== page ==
Songs behind the storms: Music related to natural disasters
The 2017 Atlantic Hurricane season has brought potentially record-setting levels of destruction, with over ten hurricanes occurring consecutively. (1) Millions of people joined the mission to provide relief to the victims of this catastrophe through countless means, including but not limited to donating money, giving blood, opening their homes to the displaced, and volunteering on site. In particular, some musicians used their talents and connections to support the cause. For example, Beyoncé collaborated with Colombian artist J. Balvin and Mauritian-French DJ Willy William to release a remix of the Latin song “Mi Gente”, announcing that all of her proceeds will go towards hurricane relief charities for Puerto Rico, Mexico and the other affected Caribbean islands. (2) Lin-Manuel Miranda worked with a long lineup of artists to release “Almost Like Praying,” a hurricane relief single, with earnings going towards the the Hispanic Federation UNIDOS Disaster Relief Fund. (3)
This is of course not the first time music has played a role in humanitarian efforts. With a history nearly dating back to the beginning of humankind, music has an undeniably powerful way of impacting people’s emotions and reactions, especially regarding tragedies. Consequently, many songs have been written in direct response to natural disasters, often in an effort to raise money and awareness about the devastation they caused. Here’s the story behind two classic songs about disasters and how they paved the way for modern charity records:
While this blues piece is a well-known classic, mainly owing to Led Zeppelin’s immensely popular rendition, not many people are familiar with the history of the song. Originally written and sang by Memphis Minnie and Kansas Joe McCoy in 1929, this tune is one of the many blues songs written about the Great Mississippi Flood of 1927, the most destructive river flood in the history of the United States. (4) Caused by heavy rain, the disaster destroyed around 130,000 homes and farms, displacing over 700,000 people. (5) Residents of the area built sandbag walls along the river to stop the flood—known as levees— and some were forced to take shelter on top of them, however, the worsening conditions prompted them to lament about their unstable future, which is where the tune draws its interpretation from. Those who endured the worst were the African Americans in the community, who were often forced at gunpoint to build the levees by the white people who operated the refugee camps while suffering systematic poor treatment from the Red Cross. (6) As a result, the lyrics of this song express the miseries and woes of the oppressed, a nearly universal theme in blues music, “If it keeps on rainin', levee's goin' to break/And the water gonna come in and we'll have no place to stay.” In the end, many ended up having to leave their homes and begin a new way of life.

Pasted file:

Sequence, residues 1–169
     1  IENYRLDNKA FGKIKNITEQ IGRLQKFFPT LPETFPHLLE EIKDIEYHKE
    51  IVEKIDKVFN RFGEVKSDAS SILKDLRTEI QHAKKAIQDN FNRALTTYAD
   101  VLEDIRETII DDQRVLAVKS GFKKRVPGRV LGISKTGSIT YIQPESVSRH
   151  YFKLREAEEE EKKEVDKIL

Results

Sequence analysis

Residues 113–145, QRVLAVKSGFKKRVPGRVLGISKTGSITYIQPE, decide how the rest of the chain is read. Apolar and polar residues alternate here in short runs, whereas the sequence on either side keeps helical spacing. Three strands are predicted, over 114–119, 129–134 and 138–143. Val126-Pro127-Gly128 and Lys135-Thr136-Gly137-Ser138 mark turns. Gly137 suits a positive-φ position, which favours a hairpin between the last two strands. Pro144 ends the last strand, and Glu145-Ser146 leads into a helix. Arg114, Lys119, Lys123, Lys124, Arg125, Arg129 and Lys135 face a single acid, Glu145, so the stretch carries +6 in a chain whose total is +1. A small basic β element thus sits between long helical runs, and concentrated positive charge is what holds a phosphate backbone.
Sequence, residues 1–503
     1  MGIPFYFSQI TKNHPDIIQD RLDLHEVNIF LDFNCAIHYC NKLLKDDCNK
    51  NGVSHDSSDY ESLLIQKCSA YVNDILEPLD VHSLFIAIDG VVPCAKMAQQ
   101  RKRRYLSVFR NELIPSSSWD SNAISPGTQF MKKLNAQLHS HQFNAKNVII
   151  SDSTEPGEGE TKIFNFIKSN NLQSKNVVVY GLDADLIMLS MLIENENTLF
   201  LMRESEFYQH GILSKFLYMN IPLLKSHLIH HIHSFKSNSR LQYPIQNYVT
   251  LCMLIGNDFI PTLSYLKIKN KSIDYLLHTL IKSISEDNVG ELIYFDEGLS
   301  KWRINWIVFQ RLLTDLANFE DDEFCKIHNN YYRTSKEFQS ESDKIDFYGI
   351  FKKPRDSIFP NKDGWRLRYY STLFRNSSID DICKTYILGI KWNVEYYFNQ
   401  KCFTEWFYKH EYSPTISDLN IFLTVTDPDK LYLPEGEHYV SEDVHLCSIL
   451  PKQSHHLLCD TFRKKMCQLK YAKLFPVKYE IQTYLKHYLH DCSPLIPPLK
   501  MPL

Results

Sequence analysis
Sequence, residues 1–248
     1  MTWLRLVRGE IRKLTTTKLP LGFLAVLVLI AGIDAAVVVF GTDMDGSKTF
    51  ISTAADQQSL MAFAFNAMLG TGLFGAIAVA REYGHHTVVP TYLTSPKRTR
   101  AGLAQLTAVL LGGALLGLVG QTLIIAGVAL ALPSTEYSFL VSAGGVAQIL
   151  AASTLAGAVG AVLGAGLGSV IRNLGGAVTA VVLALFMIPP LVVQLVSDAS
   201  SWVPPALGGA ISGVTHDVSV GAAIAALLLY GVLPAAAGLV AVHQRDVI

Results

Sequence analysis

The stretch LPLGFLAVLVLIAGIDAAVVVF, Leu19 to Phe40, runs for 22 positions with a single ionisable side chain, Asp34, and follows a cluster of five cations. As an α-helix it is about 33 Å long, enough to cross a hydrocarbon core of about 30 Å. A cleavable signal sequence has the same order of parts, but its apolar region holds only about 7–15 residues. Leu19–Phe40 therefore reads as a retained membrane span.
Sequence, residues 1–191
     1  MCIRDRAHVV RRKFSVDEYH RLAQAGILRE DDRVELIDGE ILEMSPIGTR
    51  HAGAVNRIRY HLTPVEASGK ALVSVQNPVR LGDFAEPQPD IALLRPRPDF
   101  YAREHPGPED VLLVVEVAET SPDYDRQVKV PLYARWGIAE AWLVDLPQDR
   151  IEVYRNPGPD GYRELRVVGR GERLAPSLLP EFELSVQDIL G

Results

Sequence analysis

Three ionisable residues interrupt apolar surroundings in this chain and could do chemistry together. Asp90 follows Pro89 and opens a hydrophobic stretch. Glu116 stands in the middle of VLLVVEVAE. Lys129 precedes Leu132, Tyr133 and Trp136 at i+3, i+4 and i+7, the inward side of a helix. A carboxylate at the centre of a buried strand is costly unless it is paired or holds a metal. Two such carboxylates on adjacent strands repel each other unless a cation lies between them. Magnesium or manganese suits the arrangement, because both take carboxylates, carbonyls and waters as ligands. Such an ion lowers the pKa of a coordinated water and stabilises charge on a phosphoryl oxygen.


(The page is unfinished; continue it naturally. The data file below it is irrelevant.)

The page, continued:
Although the lyrics express hopelessness, the tune itself is quite upbeat, and like many other blues music served to engage and empower the oppressed by telling their story. (7) On that note, it is important to recognize the resilience and efforts of those who tried to save their homes, whether they were forced to or did it of their own accord. This tune was written before the concept of charity songs was clearly established, however, it has become solidified as a standard in rock music, being covered and sampled by countless artists other than Led Zeppelin. In this way, the voices of the victims of the Great Flood carry on to this day, hopefully helping to ensure that humanity will do more to aid people in similar situations in the future and that minorities will not have to suffer the same oppression during a disaster.
Bangla Desh – The first charity single
Written by Ex-Beatles guitarist George Harrison in 1971, “Bangla Desh” was a single released to raise awareness and funds for the victims of the 1970 Bhola Cyclone and the Bangladesh Liberation War (8). The Bhola Cyclone, widely regarded as the most deadly weather disaster of all time, took the lives of over 500,000 people in East Pakistan—now Bangladesh— and displaced countless more (9). It was Harrison’s friend, Ravi Shankar, a Bengali musician and renowned sitar player, who approached him for help in providing relief for the suffering brought on by these events. The lyrics of the song recollect this story in a frank way, “My friend came to me/With sadness in his eyes/Told me that he wanted help/Before his country dies.”